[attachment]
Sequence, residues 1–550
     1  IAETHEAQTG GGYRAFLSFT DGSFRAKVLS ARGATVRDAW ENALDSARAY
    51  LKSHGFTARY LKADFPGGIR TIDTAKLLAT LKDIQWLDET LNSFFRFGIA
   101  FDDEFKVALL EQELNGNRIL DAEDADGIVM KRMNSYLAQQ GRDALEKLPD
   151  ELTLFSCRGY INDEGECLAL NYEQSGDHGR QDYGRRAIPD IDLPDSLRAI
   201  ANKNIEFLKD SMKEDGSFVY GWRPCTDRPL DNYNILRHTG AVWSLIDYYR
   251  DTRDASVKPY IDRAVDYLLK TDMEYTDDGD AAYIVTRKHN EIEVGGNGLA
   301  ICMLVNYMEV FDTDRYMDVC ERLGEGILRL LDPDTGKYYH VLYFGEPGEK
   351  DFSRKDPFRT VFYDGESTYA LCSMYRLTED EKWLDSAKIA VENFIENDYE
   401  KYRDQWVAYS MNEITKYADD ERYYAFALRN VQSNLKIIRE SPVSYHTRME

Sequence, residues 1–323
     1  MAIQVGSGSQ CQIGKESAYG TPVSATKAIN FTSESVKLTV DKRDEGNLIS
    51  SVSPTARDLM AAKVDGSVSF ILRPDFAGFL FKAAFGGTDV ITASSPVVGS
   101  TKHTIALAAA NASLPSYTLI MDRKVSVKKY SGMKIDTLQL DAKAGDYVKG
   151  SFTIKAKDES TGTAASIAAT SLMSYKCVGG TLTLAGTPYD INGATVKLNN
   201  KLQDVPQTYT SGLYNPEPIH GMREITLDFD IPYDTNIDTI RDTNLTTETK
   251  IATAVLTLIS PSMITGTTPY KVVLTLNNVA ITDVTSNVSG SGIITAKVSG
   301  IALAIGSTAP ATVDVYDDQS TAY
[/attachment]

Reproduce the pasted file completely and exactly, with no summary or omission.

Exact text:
Sequence, residues 1–550
     1  IAETHEAQTG GGYRAFLSFT DGSFRAKVLS ARGATVRDAW ENALDSARAY
    51  LKSHGFTARY LKADFPGGIR TIDTAKLLAT LKDIQWLDET LNSFFRFGIA
   101  FDDEFKVALL EQELNGNRIL DAEDADGIVM KRMNSYLAQQ GRDALEKLPD
   151  ELTLFSCRGY INDEGECLAL NYEQSGDHGR QDYGRRAIPD IDLPDSLRAI
   201  ANKNIEFLKD SMKEDGSFVY GWRPCTDRPL DNYNILRHTG AVWSLIDYYR
   251  DTRDASVKPY IDRAVDYLLK TDMEYTDDGD AAYIVTRKHN EIEVGGNGLA
   301  ICMLVNYMEV FDTDRYMDVC ERLGEGILRL LDPDTGKYYH VLYFGEPGEK
   351  DFSRKDPFRT VFYDGESTYA LCSMYRLTED EKWLDSAKIA VENFIENDYE
   401  KYRDQWVAYS MNEITKYADD ERYYAFALRN VQSNLKIIRE SPVSYHTRME

Sequence, residues 1–323
     1  MAIQVGSGSQ CQIGKESAYG TPVSATKAIN FTSESVKLTV DKRDEGNLIS
    51  SVSPTARDLM AAKVDGSVSF ILRPDFAGFL FKAAFGGTDV ITASSPVVGS
   101  TKHTIALAAA NASLPSYTLI MDRKVSVKKY SGMKIDTLQL DAKAGDYVKG
   151  SFTIKAKDES TGTAASIAAT SLMSYKCVGG TLTLAGTPYD INGATVKLNN
   201  KLQDVPQTYT SGLYNPEPIH GMREITLDFD IPYDTNIDTI RDTNLTTETK
   251  IATAVLTLIS PSMITGTTPY KVVLTLNNVA ITDVTSNVSG SGIITAKVSG
   301  IALAIGSTAP ATVDVYDDQS TAY